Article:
By- Kelli Drummer-Avendano

April is National Poetry Month, which is all the more reason to include one of the oldest forms of expression in your language instruction. Besides the enjoyment and creativity poetry brings, it’s a useful tool for all language learners, from the new beginner to the seasoned expert. 

1. Authentic input

Exposure to authentic material is paramount when learning a new language, even at the novice level. For this reason, poetry is an ideal source. First, it’s relatively easy to find original poems online. Second, poetry comes in varying lengths and degrees of difficulty, from children’s nursery rhymes to classical literature. Keep in mind, however, that you should adapt the activity according to the level; therefore, even beginner classes can be exposed to upper-level poetry. 

2. Culture

Immersing students in the culture of the target language is another reason authentic input is valuable. Poetry is present in almost all cultures around the world, making it both meaningful and relatable to students. Additionally, the form a poem takes can also be culturally significant. For example, the haiku could be studied as a product of Japanese culture, as well as the décima from Latin America.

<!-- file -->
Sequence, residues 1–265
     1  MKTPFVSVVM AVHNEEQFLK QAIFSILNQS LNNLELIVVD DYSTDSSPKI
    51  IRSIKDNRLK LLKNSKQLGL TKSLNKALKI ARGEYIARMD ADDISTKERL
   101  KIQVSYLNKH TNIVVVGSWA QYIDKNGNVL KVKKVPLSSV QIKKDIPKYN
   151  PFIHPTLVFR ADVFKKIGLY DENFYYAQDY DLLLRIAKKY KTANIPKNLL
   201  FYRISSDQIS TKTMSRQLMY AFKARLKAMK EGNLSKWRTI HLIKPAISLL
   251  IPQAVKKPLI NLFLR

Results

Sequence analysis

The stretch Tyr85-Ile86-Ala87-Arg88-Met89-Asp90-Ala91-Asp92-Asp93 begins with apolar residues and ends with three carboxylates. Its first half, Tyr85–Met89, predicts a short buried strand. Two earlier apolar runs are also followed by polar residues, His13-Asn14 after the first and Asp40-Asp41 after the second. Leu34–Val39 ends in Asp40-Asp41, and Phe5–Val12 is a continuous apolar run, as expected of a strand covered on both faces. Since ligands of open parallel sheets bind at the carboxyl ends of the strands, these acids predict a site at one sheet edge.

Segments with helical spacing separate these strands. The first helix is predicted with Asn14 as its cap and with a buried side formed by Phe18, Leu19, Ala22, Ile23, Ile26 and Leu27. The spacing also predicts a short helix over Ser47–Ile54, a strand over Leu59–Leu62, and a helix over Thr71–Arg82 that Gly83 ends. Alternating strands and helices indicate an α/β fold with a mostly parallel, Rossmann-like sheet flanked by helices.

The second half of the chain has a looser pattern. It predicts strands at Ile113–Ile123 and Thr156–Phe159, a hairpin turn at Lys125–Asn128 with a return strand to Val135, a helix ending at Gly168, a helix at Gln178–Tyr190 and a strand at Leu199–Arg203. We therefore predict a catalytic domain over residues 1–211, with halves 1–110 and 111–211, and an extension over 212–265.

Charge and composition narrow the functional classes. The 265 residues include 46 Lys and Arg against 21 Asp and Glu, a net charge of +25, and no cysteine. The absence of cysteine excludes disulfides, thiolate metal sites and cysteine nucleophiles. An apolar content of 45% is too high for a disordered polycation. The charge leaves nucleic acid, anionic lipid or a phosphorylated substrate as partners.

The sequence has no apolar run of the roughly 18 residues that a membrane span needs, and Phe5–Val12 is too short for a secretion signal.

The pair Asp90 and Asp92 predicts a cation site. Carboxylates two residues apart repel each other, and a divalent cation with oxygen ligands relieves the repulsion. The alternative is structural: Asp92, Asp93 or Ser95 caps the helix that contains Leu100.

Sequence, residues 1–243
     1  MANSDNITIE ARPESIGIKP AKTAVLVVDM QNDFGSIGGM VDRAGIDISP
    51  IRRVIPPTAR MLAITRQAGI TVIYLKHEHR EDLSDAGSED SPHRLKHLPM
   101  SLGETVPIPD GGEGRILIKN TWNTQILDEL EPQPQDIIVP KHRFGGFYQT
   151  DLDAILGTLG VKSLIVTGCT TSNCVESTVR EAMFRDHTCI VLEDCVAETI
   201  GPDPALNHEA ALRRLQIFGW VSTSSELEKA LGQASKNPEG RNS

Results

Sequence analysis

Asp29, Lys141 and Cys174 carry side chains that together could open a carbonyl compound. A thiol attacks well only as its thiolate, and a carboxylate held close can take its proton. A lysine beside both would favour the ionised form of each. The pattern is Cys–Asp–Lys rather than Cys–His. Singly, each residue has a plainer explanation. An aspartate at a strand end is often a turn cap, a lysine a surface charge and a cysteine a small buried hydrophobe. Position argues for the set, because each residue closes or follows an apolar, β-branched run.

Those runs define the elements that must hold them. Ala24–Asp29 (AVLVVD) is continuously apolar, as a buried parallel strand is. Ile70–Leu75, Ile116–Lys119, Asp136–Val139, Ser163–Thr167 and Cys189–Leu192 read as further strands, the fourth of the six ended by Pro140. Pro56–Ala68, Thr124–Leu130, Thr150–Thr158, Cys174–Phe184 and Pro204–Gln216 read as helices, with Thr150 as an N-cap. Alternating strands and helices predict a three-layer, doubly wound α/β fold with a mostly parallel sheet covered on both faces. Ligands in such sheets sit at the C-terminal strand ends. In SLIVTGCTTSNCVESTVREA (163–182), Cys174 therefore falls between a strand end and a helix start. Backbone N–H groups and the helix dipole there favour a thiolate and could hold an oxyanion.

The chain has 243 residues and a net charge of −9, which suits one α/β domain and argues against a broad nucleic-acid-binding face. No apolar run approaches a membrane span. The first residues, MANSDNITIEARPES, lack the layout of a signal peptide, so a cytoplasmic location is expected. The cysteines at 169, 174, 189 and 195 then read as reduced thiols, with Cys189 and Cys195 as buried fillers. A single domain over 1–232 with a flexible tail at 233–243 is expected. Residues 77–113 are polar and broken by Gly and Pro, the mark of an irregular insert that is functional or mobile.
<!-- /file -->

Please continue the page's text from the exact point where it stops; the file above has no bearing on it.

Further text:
3. Grammar in context

When students learn grammar in context, they see that it’s not a separate entity from the language, but rather a piece of the whole communication puzzle. Poetry provides the opportunity for students to see authentic uses of the grammar concepts they are studying and to analyze how they works together with the vocabulary to convey a certain message. 

4. Listening, reading, speaking, and writing

Students can practice all the forms of communication guided by poetry—all you need is one poem. First, read the poem to students and have them listen for key words and phrases. Then, divide the poem up among groups of students to answer comprehension questions. In the same groups, have students read the poem out loud to practice pronunciation and intonation. Lastly, students can create their own poems by following the form and outline of the one they studied or by writing about a similar theme.

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